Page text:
Learn about assistive technology tools — from abbreviation expanders to word-recognition software programs — that address your child's specific writing difficulties.
Learn about assistive technology tools — from audiobooks to variable-speed tape recorders — that help students with reading.
Learn more about where to find help if you suspect that your child may have a developmental delay. A developmental evaluation will be used to decide if your child needs early intervention services and/or a treatment plan specifically tailored to meet a child's individual needs.
Tutors can play very important roles in the lives of the children they work with. Learn about these roles and the types of tutoring programs that are available to provide young readers with one-on-one support.
A psychologist specializing in language-based learning disabilities explains how to talk to children about their LD: All the parts you need to be smart are in your brain. Nothing is missing or broken. The difference between your brain and one that doesn't have an LD is that your brain gets "traffic jams" on certain highways.
Heading off to kindergarten is a big event for all kids and parents. For young children who have struggled socially or academically during preschool, it is a transition that needs careful planning and attention. Below are four suggestions for parents of children who may need extra help making a successful move to kindergarten.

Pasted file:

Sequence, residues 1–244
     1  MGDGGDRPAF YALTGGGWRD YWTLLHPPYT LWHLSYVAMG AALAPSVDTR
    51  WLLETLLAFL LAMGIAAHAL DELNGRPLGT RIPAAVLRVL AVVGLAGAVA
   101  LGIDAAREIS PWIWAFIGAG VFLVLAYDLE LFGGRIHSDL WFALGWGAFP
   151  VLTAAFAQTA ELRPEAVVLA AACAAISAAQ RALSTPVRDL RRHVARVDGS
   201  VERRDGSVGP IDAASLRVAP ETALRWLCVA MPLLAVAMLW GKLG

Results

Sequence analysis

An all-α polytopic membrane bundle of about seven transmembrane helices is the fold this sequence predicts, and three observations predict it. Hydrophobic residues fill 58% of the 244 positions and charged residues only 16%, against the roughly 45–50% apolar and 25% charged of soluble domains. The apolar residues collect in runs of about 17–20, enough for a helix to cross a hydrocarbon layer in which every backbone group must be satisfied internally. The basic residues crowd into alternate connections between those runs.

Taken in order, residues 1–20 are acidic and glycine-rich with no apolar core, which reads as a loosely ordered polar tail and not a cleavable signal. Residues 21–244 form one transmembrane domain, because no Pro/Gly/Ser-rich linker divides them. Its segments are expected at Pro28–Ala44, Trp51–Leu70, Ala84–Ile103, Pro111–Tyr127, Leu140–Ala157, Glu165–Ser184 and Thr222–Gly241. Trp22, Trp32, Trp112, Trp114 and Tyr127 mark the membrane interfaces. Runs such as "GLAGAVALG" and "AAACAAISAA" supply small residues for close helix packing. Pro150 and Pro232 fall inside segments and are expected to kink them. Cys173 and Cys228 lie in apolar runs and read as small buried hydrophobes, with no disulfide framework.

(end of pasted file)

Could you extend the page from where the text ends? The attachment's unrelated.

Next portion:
Researchers have identified three kinds of developmental reading disabilities that often overlap but that can be separate and distinct: (1) phonological deficit, (2) processing speed/orthographic processing deficit, and (3) comprehension deficit.
Learn what to look for as your child's handwriting skills begin to develop, as well as some signs and symptoms of dysgraphia — a learning disability that affects a child's handwriting and ability to hold a pencil or crayon.
Find out more about the different types of learning disabilities, how they're identified, and what types of instruction support students with LD.
Here are some strategies to help a child who does his or her homework, but doesn't turn it in.
Get tips on how you can foster a sense of partnership with the teacher and administration to support your child's education.
How do parents know if their child's reading delay is a real problem or simply a "developmental lag?" How long should parents wait before seeking help if their child is struggling with reading? Susan Hall answers these questions.
Spelling is a challenge for people with dyslexia. The International Dyslexia Association provides a fact sheet explaining why people with dyslexia have trouble spelling, how to find out the reasons a particular child has this difficulty, and how to help children with dyslexia spell better.